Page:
If the action came through your butt, through your nose, through dirty movements, I used to think, ‘The audience is laughing. That’s good!’ But, now, I think that was wrong. I didn’t know anything. I just wanted to make money and make the movie for an audience, so they would like it.“
When I asked about why he now feels ready to be so open, he refers back to his earliest days as a young unknown actor - the son of Chinese refugees - which he has previously spoken about as his wild days when would get drunk and gamble, having become a millionaire by the age of 20.
As fearlessly as he approaches his stunts, he’s unflinchingly honest: ‘In the West, they don’t really know me so much. It’s only in the last 25 years, that I got famous in America. So, before those 25 years, they didn’t know what I was doing. Most people in Europe, in America, they would say, ‘Oh Jackie, you’re like Superman, so good!’ But nobody’s perfect. So, I wanted to show them how bad I was.”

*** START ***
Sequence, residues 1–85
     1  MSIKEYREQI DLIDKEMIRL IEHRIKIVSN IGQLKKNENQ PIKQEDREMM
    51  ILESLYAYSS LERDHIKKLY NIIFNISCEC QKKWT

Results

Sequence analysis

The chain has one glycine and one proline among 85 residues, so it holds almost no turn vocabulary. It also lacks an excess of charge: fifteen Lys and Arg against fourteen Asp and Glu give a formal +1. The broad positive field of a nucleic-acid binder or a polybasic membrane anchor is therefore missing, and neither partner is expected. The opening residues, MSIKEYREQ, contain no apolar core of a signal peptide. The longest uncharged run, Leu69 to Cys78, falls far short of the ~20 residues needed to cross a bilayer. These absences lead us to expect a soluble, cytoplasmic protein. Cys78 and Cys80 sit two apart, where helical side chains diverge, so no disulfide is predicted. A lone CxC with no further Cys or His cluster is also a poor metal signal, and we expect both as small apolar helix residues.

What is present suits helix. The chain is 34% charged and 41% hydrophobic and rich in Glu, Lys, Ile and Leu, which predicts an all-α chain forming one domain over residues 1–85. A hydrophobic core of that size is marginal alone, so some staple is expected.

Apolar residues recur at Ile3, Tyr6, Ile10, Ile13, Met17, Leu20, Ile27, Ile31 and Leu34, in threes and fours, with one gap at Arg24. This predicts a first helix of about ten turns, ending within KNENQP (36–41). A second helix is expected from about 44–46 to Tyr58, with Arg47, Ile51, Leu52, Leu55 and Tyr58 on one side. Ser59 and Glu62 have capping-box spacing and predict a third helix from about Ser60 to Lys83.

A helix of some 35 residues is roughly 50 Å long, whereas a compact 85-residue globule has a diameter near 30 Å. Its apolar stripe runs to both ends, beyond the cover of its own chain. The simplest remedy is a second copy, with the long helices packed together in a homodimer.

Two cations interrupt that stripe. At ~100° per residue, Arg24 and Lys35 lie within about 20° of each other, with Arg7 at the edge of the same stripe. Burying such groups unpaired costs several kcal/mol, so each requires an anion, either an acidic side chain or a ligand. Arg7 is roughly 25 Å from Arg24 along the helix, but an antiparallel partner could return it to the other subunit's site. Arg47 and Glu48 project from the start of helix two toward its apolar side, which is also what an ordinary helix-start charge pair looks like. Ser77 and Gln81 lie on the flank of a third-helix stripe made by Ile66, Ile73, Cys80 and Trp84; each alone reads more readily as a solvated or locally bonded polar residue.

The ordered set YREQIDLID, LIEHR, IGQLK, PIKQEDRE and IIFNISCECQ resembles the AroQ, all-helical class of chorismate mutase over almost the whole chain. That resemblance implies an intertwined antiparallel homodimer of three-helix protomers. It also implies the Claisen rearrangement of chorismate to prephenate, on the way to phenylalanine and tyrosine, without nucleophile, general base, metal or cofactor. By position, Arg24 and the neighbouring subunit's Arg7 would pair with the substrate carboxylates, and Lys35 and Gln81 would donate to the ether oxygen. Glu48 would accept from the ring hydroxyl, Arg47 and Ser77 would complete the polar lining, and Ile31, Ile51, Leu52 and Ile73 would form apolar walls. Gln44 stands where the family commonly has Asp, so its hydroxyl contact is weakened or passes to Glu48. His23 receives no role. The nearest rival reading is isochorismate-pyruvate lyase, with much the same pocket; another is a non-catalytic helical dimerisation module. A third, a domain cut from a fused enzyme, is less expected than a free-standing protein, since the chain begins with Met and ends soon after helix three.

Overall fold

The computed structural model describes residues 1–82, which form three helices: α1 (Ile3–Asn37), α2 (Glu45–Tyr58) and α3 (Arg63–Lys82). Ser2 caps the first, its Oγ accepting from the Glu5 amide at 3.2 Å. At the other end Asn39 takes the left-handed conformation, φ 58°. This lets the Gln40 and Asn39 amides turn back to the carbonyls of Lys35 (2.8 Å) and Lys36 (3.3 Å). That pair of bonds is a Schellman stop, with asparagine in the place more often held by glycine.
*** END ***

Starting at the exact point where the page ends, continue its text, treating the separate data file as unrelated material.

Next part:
He pauses thoughtfully for a while, before adding, “I want to teach young talents not to follow in my (previous) footsteps. I always tell them, ‘When you are young, go and learn as much as you can. By the time you get famous, there’s no time to learn.’”
When asked whether he sees part of his responsibility as a celebrity to set a good example, Chan muses, “I think every celebrity has to do that because (especially) young celebrities; they have so many fans. Whatever you do—you’ve got a tattoo, they follow you and get a tattoo. You buy this kind of lipstick—the fans go and buy the same lipstick.